Snowball overtakes Lady Bearcats in Elite Eight

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Little goes right for Anderson as E-town moves on

By John Herndon

BOWLING GREEN – After the brutal winter of 2014, it was almost a cruel irony that the basketball season in Anderson County ended with a snowball.


Not a literal one. Just the figurative kind that Elizabethtown used to demolish the Lady Bearcats' state championship hopes Friday night in the quarterfinal round of the Houchens Industries/KHSAA Girls' Sweet 16.

Simply put, little went right for Anderson in what was expected to be a down-to-the-wire showdown between the two girls' high school basketball teams that many in Kentucky felt were the best in the state.

As the final tally from E-town's 58-37 win would suggest, if it could go wrong for Anderson County, it did.

When they exited the Anderson County lineup for the final time with 1:47 to play, the five Lady Bearcat seniors shed tears profusely. Makenzie Cann, Eriel McKee, Jessica Rice, Alex Avritt and Destiny Stewart had started 31 of their team's 33 games this year together. The only exceptions were when McKee and Cann both missed one due to illness.

It was not a coincidence that the five who stuck it out since they had come together in the sixth grade left together seven seasons later.

When Kays showed up at the post-game press conference about 15 minutes after the game had ended, he dispensed with the protocol of having two players join him and brought all five. Their eyes were still red and puffy, but occasionally they managed faint smiles.

“I told them we needed some of those 10-point shots and needed about three of them real quick,” Kays quipped when asked what he said to his team when he called a time out with 4:17 to play.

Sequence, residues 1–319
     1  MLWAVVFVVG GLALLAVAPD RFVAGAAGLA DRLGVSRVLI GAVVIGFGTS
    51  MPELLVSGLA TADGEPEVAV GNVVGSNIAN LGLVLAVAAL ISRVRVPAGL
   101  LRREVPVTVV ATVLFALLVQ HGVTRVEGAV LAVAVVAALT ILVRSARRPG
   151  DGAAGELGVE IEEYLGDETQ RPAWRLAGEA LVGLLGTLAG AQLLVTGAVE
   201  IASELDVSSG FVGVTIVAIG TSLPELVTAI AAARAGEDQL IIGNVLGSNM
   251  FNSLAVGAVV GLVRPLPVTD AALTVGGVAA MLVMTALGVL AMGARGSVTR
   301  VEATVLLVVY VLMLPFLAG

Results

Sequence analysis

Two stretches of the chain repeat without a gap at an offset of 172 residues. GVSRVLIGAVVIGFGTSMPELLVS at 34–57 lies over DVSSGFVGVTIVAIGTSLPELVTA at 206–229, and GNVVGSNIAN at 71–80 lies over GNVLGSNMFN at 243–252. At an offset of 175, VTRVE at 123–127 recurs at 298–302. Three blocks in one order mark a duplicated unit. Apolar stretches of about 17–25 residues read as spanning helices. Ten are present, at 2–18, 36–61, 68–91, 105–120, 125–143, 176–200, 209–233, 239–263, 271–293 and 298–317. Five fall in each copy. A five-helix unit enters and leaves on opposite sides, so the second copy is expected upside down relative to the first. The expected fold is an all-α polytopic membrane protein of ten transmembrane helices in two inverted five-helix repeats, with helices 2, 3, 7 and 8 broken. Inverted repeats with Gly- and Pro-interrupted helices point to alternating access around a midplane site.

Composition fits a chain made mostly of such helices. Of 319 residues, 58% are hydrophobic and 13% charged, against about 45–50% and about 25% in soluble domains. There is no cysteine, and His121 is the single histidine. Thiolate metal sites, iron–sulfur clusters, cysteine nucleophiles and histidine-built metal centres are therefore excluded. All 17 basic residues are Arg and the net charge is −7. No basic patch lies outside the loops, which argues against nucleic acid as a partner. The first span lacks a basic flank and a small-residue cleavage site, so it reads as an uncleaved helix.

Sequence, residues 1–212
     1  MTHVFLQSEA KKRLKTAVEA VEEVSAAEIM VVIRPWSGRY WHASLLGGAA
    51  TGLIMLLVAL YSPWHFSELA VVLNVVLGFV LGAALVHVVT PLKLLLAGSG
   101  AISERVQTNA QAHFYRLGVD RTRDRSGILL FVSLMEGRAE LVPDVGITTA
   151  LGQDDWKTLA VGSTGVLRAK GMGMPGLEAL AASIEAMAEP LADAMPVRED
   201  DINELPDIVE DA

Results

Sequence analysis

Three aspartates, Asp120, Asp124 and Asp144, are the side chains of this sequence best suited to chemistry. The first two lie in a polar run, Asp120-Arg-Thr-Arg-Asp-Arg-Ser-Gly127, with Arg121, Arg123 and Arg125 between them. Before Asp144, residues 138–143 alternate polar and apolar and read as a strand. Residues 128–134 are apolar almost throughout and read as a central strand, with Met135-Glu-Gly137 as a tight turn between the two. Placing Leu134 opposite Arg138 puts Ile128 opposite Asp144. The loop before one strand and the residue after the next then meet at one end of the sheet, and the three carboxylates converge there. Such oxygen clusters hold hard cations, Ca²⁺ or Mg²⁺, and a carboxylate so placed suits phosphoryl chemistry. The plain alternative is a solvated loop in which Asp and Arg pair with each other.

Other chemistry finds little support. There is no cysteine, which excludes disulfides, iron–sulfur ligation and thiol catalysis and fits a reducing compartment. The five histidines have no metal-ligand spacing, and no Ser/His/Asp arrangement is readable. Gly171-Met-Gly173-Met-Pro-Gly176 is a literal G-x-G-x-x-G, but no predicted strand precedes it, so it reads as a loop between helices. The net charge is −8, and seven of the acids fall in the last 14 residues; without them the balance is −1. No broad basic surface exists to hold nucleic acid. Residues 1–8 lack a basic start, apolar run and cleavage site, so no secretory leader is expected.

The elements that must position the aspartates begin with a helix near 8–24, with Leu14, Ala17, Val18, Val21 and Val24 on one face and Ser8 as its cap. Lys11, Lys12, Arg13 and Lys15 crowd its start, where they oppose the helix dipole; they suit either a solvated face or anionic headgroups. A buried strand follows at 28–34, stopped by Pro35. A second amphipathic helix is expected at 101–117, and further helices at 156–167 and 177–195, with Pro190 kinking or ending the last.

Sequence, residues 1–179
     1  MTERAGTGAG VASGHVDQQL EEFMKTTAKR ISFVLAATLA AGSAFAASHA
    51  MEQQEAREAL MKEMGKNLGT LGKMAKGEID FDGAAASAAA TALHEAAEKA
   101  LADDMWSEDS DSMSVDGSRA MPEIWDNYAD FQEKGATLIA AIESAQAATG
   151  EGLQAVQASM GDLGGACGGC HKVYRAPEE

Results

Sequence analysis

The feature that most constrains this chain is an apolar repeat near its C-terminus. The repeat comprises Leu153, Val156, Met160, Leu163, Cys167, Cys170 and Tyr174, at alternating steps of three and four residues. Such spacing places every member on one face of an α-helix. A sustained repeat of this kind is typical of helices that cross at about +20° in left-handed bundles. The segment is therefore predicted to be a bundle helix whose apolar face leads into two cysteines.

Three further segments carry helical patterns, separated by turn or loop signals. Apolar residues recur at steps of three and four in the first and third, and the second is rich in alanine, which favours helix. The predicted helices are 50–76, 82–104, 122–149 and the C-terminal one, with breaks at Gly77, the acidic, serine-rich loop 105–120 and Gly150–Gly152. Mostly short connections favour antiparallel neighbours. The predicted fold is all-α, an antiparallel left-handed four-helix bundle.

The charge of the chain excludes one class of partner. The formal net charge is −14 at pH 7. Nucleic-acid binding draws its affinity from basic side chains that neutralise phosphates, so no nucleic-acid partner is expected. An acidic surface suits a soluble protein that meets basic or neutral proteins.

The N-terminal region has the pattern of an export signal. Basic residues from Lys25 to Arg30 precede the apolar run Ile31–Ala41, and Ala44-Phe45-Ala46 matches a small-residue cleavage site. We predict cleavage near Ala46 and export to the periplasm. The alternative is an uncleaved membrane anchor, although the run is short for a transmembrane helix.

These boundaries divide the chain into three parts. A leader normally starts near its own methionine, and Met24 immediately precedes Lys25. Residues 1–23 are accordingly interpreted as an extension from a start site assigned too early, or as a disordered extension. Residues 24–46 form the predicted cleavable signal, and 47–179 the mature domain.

At the time, Anderson trailed 51-28 and could only hope for a miracle like 10-point shots. The Lady Bearcats laughed.

But underneath, the hurt was real for a team that began the year ranked No. 1 in the state and never fell below No. 4 in any of the major polls. And for the vast majority of the season, Anderson and Elizabethtown occupied the top two spots in the major polls.

Friday, E-town was clearly better and there was little the Lady Bearcats could do about it. Anderson finished its season at 28-5.

Anderson, which normally shot better than 44 percent from the floor and 36 percent from the 3-point line, connected on just 22.6 percent against E-town.

“I give them credit,” Kays said. “It was tough to score against that defense.”

“I thought tonight was about as good defensively as we can play,” said E-town coach Tim Mudd, who recorded his 500th win as E-town's head coach Friday. “We are not really a man-to-man defensive team. We knew where Cann was at all times. We wanted to stay on McKee's right hand as much as we could to limit penetration. We were able to do that. We also knew some of their other kids could hit threes.

“We knew they were very perimeter-oriented. If we could just get a hand up and challenge the 3-balls, I felt like we had a really good chance of winning.